- Belgium has not known for years what it is about the self-proclaimed black sheep of the royal family, Prince Laurent (53). Subsequent premiers called the younger brother of King Filip on the mat, usually with only temporary results. Premier Charles Michel is following in a long line that threatens to take action against Laurent while voting in parliament to take down, or at least shorten, his state allowance.
The Belgian government and the royal house, however, have the problem of Laurent to thank themselves. There is no definite task for the prince, which is intended for that purpose. He wants to make some use, enjoy some popularity in some parts of the population, but despite the membership of the Senate, a royal dotation has been put on a sidewalk. In a recent biography he was labeled as the 'sinner of Laeken' and a 'prince on surplus': the superfluous prince.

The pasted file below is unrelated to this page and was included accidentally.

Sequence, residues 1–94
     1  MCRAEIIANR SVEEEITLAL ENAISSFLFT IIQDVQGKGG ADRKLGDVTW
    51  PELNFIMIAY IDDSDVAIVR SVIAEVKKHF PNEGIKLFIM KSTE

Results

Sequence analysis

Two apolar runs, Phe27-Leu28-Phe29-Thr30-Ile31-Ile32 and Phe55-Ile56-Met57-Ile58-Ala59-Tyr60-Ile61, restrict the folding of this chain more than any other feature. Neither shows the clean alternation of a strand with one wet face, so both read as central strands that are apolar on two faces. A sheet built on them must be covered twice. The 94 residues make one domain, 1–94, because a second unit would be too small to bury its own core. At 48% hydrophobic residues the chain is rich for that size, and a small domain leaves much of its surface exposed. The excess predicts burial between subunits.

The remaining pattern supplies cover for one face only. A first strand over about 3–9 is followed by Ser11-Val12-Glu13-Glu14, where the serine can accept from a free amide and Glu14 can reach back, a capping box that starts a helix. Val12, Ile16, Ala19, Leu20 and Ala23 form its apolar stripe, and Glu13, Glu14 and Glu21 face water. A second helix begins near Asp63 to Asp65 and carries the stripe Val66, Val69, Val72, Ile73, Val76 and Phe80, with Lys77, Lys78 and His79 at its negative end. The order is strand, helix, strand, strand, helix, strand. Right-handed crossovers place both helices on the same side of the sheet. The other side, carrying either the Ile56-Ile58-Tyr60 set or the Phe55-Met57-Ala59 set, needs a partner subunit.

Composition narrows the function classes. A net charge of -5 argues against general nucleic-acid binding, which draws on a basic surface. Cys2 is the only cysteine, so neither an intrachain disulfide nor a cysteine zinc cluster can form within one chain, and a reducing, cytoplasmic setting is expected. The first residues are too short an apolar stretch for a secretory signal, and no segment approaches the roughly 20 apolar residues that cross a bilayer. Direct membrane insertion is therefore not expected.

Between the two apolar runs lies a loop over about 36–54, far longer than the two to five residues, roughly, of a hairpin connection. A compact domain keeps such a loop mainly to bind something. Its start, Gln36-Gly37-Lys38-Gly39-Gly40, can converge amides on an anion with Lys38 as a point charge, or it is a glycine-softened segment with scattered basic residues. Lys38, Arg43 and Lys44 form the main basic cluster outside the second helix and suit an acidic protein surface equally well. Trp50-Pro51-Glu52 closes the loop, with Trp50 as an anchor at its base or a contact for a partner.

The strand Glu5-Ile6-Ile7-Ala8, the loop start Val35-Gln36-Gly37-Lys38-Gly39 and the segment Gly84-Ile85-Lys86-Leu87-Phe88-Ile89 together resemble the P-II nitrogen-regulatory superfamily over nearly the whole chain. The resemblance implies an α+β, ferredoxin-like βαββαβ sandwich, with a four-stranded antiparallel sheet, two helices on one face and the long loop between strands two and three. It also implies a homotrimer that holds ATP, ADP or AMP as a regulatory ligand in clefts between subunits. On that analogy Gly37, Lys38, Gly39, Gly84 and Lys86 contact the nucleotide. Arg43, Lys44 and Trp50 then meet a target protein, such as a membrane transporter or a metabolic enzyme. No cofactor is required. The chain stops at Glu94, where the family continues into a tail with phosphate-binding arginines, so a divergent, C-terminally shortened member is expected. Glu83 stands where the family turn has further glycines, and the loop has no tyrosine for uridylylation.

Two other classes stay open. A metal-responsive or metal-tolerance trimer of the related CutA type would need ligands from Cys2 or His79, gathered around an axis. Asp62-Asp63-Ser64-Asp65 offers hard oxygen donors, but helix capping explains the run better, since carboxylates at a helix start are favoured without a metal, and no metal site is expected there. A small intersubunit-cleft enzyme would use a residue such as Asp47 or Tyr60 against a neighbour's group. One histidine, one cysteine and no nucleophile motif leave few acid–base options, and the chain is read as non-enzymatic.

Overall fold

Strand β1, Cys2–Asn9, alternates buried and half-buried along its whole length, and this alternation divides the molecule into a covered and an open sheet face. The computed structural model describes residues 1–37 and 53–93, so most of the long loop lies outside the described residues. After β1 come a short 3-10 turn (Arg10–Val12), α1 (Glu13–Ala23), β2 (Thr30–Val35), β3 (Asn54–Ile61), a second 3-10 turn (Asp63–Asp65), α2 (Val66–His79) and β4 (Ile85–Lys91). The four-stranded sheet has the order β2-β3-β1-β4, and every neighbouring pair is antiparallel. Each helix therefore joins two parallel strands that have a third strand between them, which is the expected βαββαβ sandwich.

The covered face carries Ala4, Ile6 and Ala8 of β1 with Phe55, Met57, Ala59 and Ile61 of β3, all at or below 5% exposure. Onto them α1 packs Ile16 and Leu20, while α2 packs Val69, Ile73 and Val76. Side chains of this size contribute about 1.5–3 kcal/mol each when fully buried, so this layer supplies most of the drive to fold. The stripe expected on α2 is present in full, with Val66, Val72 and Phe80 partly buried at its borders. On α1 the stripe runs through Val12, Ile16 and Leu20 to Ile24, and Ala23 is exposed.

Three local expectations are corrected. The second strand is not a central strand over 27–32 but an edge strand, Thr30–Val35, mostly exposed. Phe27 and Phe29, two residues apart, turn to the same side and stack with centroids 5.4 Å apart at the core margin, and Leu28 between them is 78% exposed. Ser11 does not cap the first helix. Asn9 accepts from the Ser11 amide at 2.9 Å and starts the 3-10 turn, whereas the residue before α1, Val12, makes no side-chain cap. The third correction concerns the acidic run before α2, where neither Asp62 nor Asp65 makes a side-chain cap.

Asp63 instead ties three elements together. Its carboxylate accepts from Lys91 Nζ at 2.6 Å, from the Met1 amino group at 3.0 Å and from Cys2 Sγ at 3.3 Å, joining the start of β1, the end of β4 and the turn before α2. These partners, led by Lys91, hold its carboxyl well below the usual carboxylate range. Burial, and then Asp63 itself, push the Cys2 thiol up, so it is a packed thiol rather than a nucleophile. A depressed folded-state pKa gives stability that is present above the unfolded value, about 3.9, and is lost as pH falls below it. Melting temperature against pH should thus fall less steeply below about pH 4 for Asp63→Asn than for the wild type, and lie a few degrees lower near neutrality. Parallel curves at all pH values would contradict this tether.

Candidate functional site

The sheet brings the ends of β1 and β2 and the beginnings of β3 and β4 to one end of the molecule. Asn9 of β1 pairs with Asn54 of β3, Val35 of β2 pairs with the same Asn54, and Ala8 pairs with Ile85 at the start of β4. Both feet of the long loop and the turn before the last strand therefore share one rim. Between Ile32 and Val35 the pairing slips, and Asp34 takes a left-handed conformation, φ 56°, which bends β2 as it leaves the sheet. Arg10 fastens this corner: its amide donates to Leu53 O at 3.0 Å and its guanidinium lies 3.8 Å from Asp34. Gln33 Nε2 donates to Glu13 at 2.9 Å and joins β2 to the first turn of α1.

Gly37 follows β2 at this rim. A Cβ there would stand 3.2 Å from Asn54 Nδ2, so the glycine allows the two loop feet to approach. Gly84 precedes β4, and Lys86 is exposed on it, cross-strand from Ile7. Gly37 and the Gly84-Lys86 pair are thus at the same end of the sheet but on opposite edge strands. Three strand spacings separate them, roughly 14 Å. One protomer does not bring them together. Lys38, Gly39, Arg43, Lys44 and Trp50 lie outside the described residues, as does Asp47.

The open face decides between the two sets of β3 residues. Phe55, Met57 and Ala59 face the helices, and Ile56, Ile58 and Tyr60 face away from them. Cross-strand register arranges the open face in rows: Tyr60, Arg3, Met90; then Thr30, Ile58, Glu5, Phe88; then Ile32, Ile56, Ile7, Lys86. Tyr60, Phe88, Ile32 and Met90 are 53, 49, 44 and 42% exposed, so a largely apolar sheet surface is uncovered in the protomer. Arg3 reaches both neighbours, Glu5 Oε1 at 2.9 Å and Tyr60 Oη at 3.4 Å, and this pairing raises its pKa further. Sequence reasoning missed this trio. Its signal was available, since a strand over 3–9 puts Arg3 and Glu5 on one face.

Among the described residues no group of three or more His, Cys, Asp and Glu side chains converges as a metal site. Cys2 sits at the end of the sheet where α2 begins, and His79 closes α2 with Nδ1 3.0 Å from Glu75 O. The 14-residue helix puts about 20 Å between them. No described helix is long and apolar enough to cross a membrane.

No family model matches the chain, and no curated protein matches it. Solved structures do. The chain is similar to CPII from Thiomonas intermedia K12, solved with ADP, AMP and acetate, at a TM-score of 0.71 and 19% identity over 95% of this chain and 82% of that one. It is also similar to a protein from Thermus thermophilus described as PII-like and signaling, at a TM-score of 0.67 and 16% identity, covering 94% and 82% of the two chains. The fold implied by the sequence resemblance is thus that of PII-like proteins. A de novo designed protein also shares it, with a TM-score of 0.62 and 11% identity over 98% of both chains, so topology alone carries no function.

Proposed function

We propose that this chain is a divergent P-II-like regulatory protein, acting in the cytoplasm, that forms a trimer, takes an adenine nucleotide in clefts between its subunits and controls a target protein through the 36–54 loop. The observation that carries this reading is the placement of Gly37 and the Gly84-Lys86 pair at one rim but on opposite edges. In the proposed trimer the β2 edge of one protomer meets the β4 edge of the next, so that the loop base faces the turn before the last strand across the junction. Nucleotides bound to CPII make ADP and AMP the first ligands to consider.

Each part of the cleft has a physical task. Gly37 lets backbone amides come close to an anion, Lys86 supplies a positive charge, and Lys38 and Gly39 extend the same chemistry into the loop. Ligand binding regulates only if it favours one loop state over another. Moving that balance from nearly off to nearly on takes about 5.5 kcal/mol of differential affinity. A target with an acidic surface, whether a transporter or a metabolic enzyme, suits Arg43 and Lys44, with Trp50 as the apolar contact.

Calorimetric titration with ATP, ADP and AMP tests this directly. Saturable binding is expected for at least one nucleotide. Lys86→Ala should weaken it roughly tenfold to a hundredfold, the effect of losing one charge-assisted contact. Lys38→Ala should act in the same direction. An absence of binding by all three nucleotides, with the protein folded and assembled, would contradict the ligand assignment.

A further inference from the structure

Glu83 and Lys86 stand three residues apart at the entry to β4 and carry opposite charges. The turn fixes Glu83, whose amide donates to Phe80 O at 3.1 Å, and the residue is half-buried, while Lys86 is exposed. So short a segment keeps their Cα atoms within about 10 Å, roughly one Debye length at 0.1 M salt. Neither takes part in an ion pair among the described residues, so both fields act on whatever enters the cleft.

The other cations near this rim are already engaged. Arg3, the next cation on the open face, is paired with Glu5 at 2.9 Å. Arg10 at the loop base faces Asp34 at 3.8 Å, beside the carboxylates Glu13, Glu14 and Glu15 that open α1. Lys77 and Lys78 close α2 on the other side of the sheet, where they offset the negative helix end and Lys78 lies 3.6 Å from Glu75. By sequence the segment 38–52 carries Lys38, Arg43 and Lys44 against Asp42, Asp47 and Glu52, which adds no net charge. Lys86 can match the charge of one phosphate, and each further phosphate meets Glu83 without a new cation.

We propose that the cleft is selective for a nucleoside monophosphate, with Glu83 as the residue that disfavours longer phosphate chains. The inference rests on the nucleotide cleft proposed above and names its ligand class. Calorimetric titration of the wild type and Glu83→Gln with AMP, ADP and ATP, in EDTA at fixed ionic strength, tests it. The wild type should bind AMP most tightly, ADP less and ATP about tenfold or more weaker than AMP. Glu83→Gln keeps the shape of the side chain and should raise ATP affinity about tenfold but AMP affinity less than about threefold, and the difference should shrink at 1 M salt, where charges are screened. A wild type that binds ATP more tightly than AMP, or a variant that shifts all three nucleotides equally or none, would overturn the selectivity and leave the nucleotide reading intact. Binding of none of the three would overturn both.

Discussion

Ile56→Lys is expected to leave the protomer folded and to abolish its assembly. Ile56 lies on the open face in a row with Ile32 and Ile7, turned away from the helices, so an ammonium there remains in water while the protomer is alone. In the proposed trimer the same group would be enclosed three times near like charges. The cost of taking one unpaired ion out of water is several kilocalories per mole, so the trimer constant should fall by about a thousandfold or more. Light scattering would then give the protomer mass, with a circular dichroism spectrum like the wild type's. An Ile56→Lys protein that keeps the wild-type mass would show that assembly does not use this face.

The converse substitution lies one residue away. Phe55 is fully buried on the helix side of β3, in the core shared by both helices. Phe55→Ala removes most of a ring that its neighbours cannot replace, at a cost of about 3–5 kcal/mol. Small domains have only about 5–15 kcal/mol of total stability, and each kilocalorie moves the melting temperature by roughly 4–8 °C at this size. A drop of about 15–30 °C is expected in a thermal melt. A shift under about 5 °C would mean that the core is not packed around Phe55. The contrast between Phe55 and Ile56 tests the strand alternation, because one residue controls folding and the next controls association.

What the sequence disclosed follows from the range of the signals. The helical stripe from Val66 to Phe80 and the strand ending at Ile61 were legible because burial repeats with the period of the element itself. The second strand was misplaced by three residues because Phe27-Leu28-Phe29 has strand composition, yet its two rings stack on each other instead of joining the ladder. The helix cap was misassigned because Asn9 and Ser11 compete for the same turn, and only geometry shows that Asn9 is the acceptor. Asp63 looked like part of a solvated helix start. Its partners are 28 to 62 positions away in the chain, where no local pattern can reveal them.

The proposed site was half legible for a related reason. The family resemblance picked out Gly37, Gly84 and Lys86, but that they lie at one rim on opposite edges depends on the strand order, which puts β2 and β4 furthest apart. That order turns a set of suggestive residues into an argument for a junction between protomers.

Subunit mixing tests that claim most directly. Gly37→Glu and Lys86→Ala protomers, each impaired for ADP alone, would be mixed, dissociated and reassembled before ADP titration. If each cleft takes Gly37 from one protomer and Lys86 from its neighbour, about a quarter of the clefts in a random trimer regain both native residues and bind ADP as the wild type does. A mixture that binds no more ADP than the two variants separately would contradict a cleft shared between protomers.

Because the palace and government do not care for the prince, but soon expects him to account for his work to justify the payment of three tons, Laurent regularly goes out. As long as these trips are limited to animal parasites and birdwatching, the palace and politics are going to die. That Laurent's self-twittering, out of court, is being tamed.
However, the problems arise when Laurent addresses the political and foreign affairs without asking for permission. Attending a reception for the ninety-year anniversary of the Chinese Red Army at the end of July is, like before, a meeting with Sri Lanka's prime minister and years back a trip to the former colony of Congo.
The latter led to punishment and suspension by father King Albert II, the meeting with the Sri Lankan Prime Minister gave a 'last warning' which apparently made little impression. Even though it was noticeable that Laurent tweeted over the Chinese reception and the political response Monday for a week.
A penalty will also have to address the root of the problem to be effective. When simply turning the money tap down, Laurent will have to earn another income. For example, writing a book about the royal family may be an equally interesting option for the monarchy.